The On-Going Battle Between Social Conservatives and the Rest of America
A lot of social conservatives and others on the far right of the Republican Party must feel as if they're under siege once again now that Arizona Governor Jan Brewer has vetoed a bill that would have allowed business owners to refuse service to gays on religious grounds.
According to the AP, “The bill was designed to give added protection from lawsuits to people who assert their religious beliefs in refusing service to gays or others who offend their beliefs. But opponents called it an open attack on gays that invited discrimination.”
When I wrote about similar attempts to refuse service to gays in other states I heard from many on the hard right essentially arguing that a business owner who risks his own money to open a business, ought to have the right to serve – or refuse to serve – anyone he or she wants.
Should business people be allowed, then, to refuse to serve customers because they’re black? It used to be that way in parts of our country. But we changed. We said that’s not who we are as Americans. But based on the mail I received, I have the feeling that more than a few on the right are nostalgic for those bad old days. I’m sure they would say they have nothing against black people, it’s just that a) the federal government had no business infringing on “state’s rights” and b) no government entity – local or federal – has the right to tell business people who they can or can’t do business with.
In any case, being gay isn’t the same as being black, they told me. Being gay, some actually believe, is a choice – a “preference” is the way they put it. Let’s not waste anyone’s time with that argument.
Still, today we have a twist on the old argument: We’re no longertalking about race; now it’s about religion and sexual orientation. But it’s not really much of a twist.
The argument now is that if a conservative Christian who runs a bakery or a flower shop, for example, believes gay marriage is a sin, he shouldn’t have to make a wedding cake or a floral arrangement for the gay couple to celebrate their marriage. Playing a role, even a minor one, in same sex-marriage, the argument goes, violates the business owners deeply held religious beliefs. And there is something to this.
Should the government, with its immense power, force someone to violate deeply held convictions? If I owned a catering business, I wouldn’t want to put food on the table for a neo-Nazi convention – or risk a hefty lawsuit if I didn’t. (Maybe the Arizona law, instead of focusing on religious rights, should have dealt more generally with issues that violate our conscience -- like being forced to cater a neo-Nazi function. Maybe that kind of "conscientious objector" law would have been more acceptable to more people, even with its potential for abuse.)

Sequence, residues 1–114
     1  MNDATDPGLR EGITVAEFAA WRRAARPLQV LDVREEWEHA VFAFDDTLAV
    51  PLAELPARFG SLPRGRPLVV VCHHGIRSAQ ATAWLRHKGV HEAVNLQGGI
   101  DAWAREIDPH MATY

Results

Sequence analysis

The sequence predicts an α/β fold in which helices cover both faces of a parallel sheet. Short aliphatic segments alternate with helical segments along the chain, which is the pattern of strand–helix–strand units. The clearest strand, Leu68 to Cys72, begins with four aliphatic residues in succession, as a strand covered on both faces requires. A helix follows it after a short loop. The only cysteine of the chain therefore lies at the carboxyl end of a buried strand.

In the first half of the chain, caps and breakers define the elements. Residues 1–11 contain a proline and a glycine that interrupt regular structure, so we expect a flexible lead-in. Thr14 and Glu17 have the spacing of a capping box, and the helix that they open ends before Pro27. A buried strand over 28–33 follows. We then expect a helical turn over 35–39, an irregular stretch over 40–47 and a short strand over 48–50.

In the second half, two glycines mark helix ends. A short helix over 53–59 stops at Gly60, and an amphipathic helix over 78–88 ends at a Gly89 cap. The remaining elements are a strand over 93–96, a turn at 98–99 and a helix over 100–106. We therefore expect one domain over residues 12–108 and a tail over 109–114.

But we all give up some rights when we join society and when we open a business on Main Street that purports to do business with the general public.
Should a baker be allowed to turn away a mixed race couple if he sincerely believes that interracial marriage is a sin? Should a devout Muslim who owns a diner be allowed to turn away women who wear dresses that violate his religious sensibilities – or better yet, who don’t wear burqas? The short answer is no, business owners have no such rights -- not in America.
I heard Rush Limbaugh say that of all the bakeries and flower shops, why have some gays picked the ones run by conservative Christians to ask for cake or flowers? Were they hoping they’d get turned away so they could make a case? Rush clearly believes they were just looking for trouble. But maybe they didn’t know what they were getting into until they were refused service – and then decided to fight back. But even if they did know they were about to stir things up, so what?
Would Rush have argued against those four black college students in Greensboro, North Carolina, who in 1960 picked a Woolworth’s “whites-only” lunch counter for their protest. They knew blacks were not allowed to eat at that lunch counter. And that’s precisely why they picked Woolworth. Before long, a few others joined them. Then more. Than more and more and more. Non-violent protest spread. It was a pivotal moment in the struggle against racism. What they did helped change America.
And this change in America, I suspect, is what really has social conservatives and radio talk show hosts in a tizzy. The country is moving forward, this time on gay rights, and they’re left bellowing at the wind. They’re on the wrong side of history – and they know it! And that must be very unsettling for them.
My friends: Please leave a comment and let me know what you think -- but do your best not to depress me. (Joke)
Disagreement, as always, is fine. But try to persuade … with interesting arguments.